I need you as a new recruit
Let’s be clear from the onset, I do NOT need The Village People. To the best of my knowledge, no one ever has or did. I need YOU. Really, I do. No, this is not flattery or trying to seduce you. I am a married lady after all. But let it be known, I need YOU. As for the camp crew obsessed with young men’s institutions, macho men and sailors? Keep reading, it will all become clear. Hopefully…
Every writer needs a reader, or if they strike literary gold, they will have many readers. Those who write for pleasure may be happy that they, or close family and friends, will be their readers. This is perfectly valid. Anyone trying their hand at writing is good in my book (excuse the rubbish pun, I can write better than this, honest guv).
Then there are the writers who need you, the reader, because they want to put their writing in the hands of a wider audience. It may seem foolish, it can even feel that way for the writer. Sharing your imagination and creativity with others is daunting. You leave yourself exposed (in a non-nudey kind of way, unless you’re writing smut) and vulnerable. You are allowing people to criticise you and judge your ability to write. You are putting yourself through a mill where you could land up mangled.
Your work may never get published and you will appear, to some, as a failure. You could potentially isolate friends and family in begging them to read your work and then getting royally pissed off when they refuse to talk about it or review it. They hide behind the sofa when they see you coming up the garden path, cut your call off, and unfriend you on Facebook; all because they cannot bear to tell you to your face that your work, in their humble opinion, is rubbish.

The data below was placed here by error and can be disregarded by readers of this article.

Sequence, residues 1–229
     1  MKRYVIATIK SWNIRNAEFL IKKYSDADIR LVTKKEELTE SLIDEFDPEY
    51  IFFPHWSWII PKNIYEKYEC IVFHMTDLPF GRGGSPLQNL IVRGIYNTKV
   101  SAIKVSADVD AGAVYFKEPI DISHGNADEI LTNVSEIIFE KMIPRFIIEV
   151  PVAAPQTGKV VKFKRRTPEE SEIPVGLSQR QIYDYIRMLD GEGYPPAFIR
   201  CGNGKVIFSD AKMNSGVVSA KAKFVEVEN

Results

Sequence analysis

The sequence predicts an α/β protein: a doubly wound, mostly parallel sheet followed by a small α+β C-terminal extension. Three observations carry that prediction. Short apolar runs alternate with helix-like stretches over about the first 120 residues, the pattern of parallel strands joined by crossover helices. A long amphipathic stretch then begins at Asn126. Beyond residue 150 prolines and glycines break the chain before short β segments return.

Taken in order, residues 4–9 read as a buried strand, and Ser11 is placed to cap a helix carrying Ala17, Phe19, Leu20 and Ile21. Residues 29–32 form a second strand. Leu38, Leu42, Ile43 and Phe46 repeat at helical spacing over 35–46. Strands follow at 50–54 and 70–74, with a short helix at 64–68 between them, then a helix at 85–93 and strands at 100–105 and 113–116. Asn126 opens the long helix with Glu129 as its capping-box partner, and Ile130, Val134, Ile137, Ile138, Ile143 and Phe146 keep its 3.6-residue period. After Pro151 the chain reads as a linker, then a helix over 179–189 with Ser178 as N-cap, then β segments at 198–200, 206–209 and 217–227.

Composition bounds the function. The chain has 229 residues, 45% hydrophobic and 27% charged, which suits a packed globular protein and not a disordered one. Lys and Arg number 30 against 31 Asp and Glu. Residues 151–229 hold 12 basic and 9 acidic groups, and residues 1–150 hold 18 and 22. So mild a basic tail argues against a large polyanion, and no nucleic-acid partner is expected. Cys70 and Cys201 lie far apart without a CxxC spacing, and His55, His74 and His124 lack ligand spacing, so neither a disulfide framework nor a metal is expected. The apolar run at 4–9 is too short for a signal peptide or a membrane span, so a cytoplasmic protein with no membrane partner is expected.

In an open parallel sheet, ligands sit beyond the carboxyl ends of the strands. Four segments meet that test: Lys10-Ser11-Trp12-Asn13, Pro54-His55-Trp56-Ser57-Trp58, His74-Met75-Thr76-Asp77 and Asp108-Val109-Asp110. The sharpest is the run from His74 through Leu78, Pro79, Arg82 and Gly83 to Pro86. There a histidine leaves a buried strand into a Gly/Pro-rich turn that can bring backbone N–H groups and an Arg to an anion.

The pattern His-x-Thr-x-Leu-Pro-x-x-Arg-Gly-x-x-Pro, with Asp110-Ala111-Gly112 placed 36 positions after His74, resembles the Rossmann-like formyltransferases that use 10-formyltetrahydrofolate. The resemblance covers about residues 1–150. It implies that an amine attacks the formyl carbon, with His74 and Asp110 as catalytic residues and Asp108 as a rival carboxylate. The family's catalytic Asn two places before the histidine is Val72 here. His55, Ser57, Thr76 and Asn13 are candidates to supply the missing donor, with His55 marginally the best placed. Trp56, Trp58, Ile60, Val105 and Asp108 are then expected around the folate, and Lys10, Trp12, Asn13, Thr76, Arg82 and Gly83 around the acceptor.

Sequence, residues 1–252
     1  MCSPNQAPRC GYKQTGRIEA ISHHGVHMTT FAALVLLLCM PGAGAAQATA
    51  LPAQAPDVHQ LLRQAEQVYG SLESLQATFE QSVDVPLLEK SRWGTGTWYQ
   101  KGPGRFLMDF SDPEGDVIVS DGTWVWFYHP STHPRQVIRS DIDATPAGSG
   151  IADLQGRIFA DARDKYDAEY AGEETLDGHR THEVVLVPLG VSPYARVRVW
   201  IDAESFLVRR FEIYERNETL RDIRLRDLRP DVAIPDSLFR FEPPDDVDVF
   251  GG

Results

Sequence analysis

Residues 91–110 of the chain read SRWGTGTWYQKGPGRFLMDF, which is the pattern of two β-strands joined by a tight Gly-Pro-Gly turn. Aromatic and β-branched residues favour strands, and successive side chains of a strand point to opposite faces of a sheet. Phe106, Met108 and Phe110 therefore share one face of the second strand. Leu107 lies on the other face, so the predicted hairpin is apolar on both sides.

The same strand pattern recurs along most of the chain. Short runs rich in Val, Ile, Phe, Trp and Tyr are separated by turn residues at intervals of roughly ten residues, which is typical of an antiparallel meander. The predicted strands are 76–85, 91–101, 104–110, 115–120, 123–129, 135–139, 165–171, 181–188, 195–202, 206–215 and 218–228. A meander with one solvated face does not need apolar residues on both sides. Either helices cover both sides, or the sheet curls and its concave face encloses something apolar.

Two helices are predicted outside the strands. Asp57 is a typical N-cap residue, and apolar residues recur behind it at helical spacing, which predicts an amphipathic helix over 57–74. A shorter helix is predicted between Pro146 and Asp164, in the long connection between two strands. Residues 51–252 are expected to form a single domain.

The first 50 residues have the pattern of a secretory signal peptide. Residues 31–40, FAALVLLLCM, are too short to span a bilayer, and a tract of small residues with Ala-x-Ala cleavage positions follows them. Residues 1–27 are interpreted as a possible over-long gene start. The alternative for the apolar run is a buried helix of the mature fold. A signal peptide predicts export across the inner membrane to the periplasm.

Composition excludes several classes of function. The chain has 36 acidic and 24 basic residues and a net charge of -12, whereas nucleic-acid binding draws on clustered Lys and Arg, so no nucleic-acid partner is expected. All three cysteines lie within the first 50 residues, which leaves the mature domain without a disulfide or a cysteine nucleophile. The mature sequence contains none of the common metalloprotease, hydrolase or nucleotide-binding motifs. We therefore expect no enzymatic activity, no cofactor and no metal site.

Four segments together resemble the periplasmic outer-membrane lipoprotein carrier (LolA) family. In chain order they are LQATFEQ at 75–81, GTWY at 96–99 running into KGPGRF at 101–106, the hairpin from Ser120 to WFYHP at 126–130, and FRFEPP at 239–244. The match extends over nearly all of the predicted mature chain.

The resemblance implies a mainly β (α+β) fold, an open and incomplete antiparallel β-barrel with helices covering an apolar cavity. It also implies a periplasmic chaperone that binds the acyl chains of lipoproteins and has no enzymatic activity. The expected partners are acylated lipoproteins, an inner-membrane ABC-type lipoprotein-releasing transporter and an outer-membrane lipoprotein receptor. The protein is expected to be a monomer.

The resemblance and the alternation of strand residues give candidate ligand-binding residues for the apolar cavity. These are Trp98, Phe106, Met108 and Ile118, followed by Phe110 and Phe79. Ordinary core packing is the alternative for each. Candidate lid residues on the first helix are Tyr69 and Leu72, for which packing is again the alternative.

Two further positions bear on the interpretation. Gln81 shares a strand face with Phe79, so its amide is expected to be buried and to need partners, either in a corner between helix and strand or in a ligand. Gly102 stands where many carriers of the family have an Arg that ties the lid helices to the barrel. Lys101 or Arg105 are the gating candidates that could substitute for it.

Why write or blog?
So why do it? Because for every person who hates it, there will hopefully be at least one person in this world that doesn’t. People are regularly telling me that a writer has to develop a thick skin in order to deal with self-doubt and rejections. I am working on this by adopting a Teflon coated wardrobe, inserting earplugs, and giving people the ‘teacher death stare’ before they dare to give an opinion.
I write because I think I have something to share. Who, and with how many people, is currently unknown. What I do know is that every writer/author needs a reader.
This is why I blog, add updates to social media and have created a Facebook group. Not because I am trying to kill you off slowly with boredom at my postings. Not because I think I’m more interesting than anyone else, although I exclude people who post pictures of every meal * and who regularly document their child’s bowel habits from this. I write on social media because this writer needs YOU.
I guess what I’m saying is, ‘I want you, I want you, I want you as a new recruit…’ Go look up The Village People right now, you young ‘uns and prepare to feel sorry for those of us who lived through it and still insist on doing the ‘YMCA’ at weddings. Here is the evidence on You Tube (warning, do not join the Navy on the strength of this video):
I’ll leave you with this insightful reasoning as to why your author needs YOU:
‘Your mind is the projection screen every writer steals; it is the firing of your neurons that makes every book come alive. You are the electricity that turns it on. A book cannot live until the touch of your hand on the first page brings it alive. A writer is essentially typing blank pages – shouting out spells in the dark – until the words are read by you, and the magic explodes into your head, and no one else’s.’ (Caitlin Moran, Taken from Moranisfesto).
What she said. And then some.
* Although if it’s an amazing recipe with cheese in it, you are immediately forgiven.